With a serious injury, and with the best of intentions, Plaintiff hires a well regarded law firm to obtain compensation. The law firm sues an incorrect governmental entity, in this case the City of New York rather than the U.S. Is this legal malpractice? To answer this question we revert to the four elements of legal malpractice: departure (suing the wrong party), proximate cause (being unable to sue the correct party because of the passage of time), “but for” causation (discussed below) and ascertainable damages. Here, dismissal is sought on the basis that plaintiff could not have won the case, and therefore, there is no “but for” causation. in Postiglione v Sacks & Sacks, LLP 2020 NY Slip Op 31164(U) April 17, 2020
Supreme Court, Kings County Docket Number: Index No. 513779/2019 Judge: Edgar G. Walker, the motion is denied.
“On April 13, 2016, plaintiff sustained physical injuries at a construction site located at Floyd Bennett Field in Brooklyn, New York (Hangar B or the site) when a second-floor concrete floor walkway, upon which he was standing, collapsed. The site is owned by the federal government (government) and managed by the United States National Park Service (NPS). NPS contracted with Nagan Construction (Nagan) to repair storm damage caused by Super Storm Sandy. Nagan, in turn, subcontracted with Global International Windows, LLC (Global) to remove and install windows at Hangar B. Plaintiff was Global=s principal and sole owner. On August 30, 2016, plaintiff commenced an action for personal injury under the Labor Law against Nagan, as the general contractor, and the City of New York (the City), as owner and/or lease holder of the construction site (see Postiglione, et ano. v City of New York, et ano., Sup Ct, Kings County, index No. 515241/16 [the underlying action]). In that action, which is still pending, plaintiffs were initially represented by attorney Weir of the Sacks firm.”
“To recover damages for legal malpractice, a plaintiff must demonstrate that (1) the attorney Afailed to exercise the ordinary reasonable skill and knowledge commonly possessed by a member of the legal profession,@ and (2) that the attorney=s action or inaction proximately caused plaintiff to sustain Aactual and ascertainable damages (Rudolph v Shayne, Dachs, Stanisci, Corker & Sauer, 8 NY3d 438, 442 ; see also Gorunkati v Baker Sanders, LLC, B AD3d B, 2020 NY Slip Op 00406 [2d Dept 2020]). Proximate cause is established by demonstrating that the plaintiff would have prevailed in the underlying action or would not have incurred any damages, but for the lawyer’s negligence (see Rudolph, 8 NY3d at 442; Davis v Klein, 88 NY2d 1008, 1009-1010 ). To establish a prima facie case of legal malpractice, a plaintiff must demonstrate that he or she would have succeeded on the merits of the underlying action but for the attorney=s negligence (see Grace v Law, 24 NY3d 203, 211 ; Davis, 88 NY2d at 1009-1010). Conclusory allegations of damages or speculative injuries are insufficient to sustain a legal malpractice action (see Gail v Colon-Sylvain, 151 AD3d 698, 700 [2d Dept 2017]).”
“Thus, plaintiffs may have a viable negligence claim against the government if they show that an NPS or government employee was responsible for plaintiff=s injuries. The bulk of defendants= argument is that Nagan was an independent contractor rather than a government employee, and therefore, the government cannot be held liable for Nagan=s tortuous acts or omissions (see Roditis, 122 F3d at 111). While defendants may be correct that the project specifications and contracts demonstrate that Nagan contractually assumed responsibility for work site operation and safety while construction was pending, plaintiffs= claim is not based solely Nagan=s actions (see Haskin v U.S., 569 Fed Appx 12, 16 [2d Cir 2014]). Here, the government may still be liable for Theresa=s negligence under the FTCA (28 USC 1346 [b]; Haskin, 569 Fed Appx 12; Esgrance v United States, US Dist Ct, SD NY, 17 Civ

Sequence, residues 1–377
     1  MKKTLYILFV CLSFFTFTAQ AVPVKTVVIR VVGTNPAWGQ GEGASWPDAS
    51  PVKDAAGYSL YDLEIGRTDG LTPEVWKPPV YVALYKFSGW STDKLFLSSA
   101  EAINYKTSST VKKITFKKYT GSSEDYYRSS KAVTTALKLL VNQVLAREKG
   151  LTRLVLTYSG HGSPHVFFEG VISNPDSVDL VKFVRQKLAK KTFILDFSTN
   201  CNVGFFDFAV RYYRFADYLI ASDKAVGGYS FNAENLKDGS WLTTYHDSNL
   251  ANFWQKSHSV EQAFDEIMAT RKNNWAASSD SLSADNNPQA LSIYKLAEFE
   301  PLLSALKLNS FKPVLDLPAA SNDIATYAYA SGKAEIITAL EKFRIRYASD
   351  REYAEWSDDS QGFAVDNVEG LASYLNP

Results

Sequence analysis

8352, Oetken, J., 2018; Jappa v PJR Const. Co., Inc., US Dist Ct, SD NY, 84 Civ 3067, Conner, J., 1985). Indeed, it has been held that one may assume a duty, which initially did not exist, and may be held liable where his or her affirmative action adversely affected that plaintiff and he or she failed to act reasonably (see Arroyo v We Transport, Inc., 118 AD3d 648, 649 [2d Dept 2014]; Gordon v Muchnik, 180 AD2d 715 [2d Dept 1992]).
Accepting the facts pleaded in the instant complaint as true, construing the complaint liberally, permitting plaintiff=s affidavit to correct any pleading defects and according the plaintiffs every possible favorable inference, the court finds that the allegations, while sparse, state a legal malpractice claim (see CPLR 3211 [a] ; Kolchins, 31 NY3d at105-106 ). The allegations that Theresa, in the scope of her employment, directed plaintiff where he could and could not walk and that plaintiff fell in an area that Theresa represented was safe arguably state a negligence claim against her under the FCTA had they been asserted in the underlying action (28 USC 1346 [b]; Esgrance, supra; Jappa v PJR Const. Co., Inc., supra). Therefore, plaintiffs have met their burden of demonstrating that they could have prevailed on a personal injury claim against NPS but for defendants= negligence in suing the City, while permitting the statute of limitations for suing the government to lapse (see Grace, 24 NY3d at 211; Rudolph, 8 NY3d at 442; Davis, 88 NY2d at1009-1010). As a result, the defendants= motion to dismiss the complaint for failure to state a claim is denied.”